A list of seven actions for increased energy efficiency
The below list has been created as this part of the guide is giving advice on farily separate actions. It is possible to enter the guide at the topic of interest by clicking the links, but it can also be read from top to bottom.
It is worth knowing that the suggested actions for ventilation, heating and cooling (HVAC) are not seasonally bound. They will make a difference to the energy dependency no matter if a building is entering a season of heating, or a time of cooling.
- Revise the HVAC solution to make sure everything works as inteded
- A good maintenance plan is not only to upkeep, but to also improve
- Clean ducts minimise the risk of large pressure drops
- The air handler's many functionalities are there to optimise and save energy
- Align temperature set points between all heating and cooling systems
- Understand the relation between outdoor sunlight and indoor climate
- Consider making seasonal adjustments to the indoor temperature
Make sure everything works as intended
Starting with an example, a business establishes a suburban office for employees to escape commuting. This can affect the occupancy in the original office, which in turn might need adjustments of the ventilation, heating and/or cooling to ensure a comfortable indoor climate and an energy-efficient operation. Another example, dampers that are not operating correctly are significant energy consumers. A damper, motorised or not, that is opening and closing inaccurately will cause unnecessary energy consumption due to large pressure drops and faulty air flows.
The fact that an indoor climate solution is in place is not an insurance of everything working precisely. It can very well be worth to revise a solution to make sure tangible parts are installed and commissioned as intended and that the available functionality in system controls are used to its best ability. Make sure everything works as good as it possibly can, and be aware that the use of a building can change and that adjustments might be needed to ensure an upkept energy efficiency while still offering a good indoor climate for the people inside.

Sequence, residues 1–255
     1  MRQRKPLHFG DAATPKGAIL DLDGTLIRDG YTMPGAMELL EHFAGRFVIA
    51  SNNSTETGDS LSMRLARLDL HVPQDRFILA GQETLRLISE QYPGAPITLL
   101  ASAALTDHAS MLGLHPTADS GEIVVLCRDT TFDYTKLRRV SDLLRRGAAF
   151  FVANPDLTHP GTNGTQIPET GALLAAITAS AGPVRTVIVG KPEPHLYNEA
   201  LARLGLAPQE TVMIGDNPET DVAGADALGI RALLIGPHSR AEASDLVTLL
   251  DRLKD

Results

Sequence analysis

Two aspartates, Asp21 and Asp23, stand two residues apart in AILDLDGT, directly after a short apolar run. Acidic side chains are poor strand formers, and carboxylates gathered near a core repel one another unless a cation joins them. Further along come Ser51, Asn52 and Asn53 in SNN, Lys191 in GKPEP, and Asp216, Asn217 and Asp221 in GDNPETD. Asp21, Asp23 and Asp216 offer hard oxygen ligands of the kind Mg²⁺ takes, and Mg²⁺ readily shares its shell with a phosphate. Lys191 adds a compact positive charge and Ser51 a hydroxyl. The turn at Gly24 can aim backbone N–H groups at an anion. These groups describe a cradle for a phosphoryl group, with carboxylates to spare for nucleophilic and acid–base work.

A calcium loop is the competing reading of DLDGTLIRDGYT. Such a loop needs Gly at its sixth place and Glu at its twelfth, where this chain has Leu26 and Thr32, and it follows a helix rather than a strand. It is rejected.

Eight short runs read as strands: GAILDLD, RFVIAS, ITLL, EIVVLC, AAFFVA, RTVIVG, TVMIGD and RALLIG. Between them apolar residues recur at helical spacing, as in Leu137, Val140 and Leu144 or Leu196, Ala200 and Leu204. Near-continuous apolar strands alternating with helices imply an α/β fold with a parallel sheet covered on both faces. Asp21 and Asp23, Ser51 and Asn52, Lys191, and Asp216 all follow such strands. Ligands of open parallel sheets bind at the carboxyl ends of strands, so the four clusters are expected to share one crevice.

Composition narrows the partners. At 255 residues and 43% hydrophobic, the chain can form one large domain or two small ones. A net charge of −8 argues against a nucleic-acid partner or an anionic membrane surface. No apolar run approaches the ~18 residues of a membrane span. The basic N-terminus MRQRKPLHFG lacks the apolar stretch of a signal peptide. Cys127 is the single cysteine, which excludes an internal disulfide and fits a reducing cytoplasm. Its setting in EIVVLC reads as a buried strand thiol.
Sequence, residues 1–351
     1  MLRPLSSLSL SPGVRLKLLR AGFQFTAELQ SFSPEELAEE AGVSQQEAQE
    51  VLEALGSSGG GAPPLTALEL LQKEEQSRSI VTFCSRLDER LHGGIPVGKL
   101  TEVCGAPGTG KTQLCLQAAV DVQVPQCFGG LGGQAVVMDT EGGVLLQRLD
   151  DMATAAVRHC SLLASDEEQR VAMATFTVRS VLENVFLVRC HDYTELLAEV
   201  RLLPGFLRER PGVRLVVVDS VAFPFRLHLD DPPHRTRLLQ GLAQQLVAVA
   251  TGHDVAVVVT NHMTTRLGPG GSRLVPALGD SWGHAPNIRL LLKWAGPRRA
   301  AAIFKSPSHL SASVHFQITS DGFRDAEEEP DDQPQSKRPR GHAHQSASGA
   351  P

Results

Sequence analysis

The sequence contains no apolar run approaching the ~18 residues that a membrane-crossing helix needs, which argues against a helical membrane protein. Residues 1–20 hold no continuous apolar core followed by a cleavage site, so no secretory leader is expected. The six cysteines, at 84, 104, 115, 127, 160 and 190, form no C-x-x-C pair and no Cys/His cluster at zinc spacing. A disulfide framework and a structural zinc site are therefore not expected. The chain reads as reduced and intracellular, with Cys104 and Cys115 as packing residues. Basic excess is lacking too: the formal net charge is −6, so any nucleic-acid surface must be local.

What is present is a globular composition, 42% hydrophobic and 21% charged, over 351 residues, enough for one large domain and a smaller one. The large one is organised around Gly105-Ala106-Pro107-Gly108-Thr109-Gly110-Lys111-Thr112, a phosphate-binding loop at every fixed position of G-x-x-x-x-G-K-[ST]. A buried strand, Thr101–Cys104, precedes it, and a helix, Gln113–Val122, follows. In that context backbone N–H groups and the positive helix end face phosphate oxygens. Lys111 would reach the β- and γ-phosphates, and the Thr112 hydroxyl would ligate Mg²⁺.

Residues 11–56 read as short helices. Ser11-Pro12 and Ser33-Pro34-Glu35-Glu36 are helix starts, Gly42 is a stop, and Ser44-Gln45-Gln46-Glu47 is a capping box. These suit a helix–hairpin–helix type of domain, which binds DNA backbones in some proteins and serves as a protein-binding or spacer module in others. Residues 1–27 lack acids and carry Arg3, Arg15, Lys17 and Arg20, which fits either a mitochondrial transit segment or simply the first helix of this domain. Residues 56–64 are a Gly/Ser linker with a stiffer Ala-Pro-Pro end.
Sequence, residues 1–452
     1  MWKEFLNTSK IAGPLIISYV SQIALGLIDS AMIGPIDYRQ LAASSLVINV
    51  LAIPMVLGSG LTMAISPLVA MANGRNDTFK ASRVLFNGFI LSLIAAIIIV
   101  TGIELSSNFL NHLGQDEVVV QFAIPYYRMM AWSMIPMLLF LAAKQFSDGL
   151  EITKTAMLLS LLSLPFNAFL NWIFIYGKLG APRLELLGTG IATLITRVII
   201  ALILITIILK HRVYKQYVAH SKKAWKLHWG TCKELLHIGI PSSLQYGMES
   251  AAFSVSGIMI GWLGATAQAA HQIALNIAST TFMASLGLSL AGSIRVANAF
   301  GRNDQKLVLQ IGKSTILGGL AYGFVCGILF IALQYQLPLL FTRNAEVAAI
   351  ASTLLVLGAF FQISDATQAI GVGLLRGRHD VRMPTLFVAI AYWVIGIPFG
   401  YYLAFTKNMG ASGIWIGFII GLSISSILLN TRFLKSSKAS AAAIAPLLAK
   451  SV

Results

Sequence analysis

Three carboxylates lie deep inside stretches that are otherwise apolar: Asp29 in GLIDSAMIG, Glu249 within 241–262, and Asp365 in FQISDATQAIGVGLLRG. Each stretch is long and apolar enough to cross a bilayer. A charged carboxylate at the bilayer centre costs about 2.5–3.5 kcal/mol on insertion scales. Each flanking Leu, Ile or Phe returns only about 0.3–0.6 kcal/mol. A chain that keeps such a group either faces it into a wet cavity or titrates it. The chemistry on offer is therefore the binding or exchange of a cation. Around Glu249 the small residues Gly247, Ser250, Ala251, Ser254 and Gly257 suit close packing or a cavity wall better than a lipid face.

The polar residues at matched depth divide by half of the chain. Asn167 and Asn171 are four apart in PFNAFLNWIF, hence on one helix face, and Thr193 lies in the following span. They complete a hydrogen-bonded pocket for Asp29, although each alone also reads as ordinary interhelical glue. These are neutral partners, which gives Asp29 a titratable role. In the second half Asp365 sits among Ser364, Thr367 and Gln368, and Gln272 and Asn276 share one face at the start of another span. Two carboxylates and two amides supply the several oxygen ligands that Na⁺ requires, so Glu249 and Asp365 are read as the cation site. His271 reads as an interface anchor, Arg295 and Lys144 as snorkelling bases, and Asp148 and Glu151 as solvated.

A lot starts with maintenance
Even the most well-adjusted air handling unit can cause pointless energy consumption. The most obvious, and hopefully well-known, reason is the need for clean filters and ducts. Not only will filled filters and dusty ducts cause the air handling unit to run more intensively, there is also a significant risk of damaging the AHU’s fan or causing disturbing noise to the indoor environment.
A good maintenance plan is not only an important factor as such, good maintenance is also to do things right. For instance, it is important to make sure that new filters in an AHU are mounted correctly when changed. A falsely fitted filter will, just like the dusty filters or ducts, cause pressure drops that adversely affect energy consumption.
Hydronic systems should be vented, and any presence of oxygen should be avoided to avert magnitite. Magnitite can cause pressure drops, negatively affect the system operation, cause potential malfunction and, in the end, increse the use of energy. With that said, a properly pressurised hydronic system will ensure an energy-efficient solution.
The air handling unit is key
Many air handling units (AHUs) have clear opportunities to reduce energy consumption. This because they ever so often operate on irrelevant time-schemes, target unnecessarily high temperatures or run with air flows that, actually, may impact the indoor climate negatively.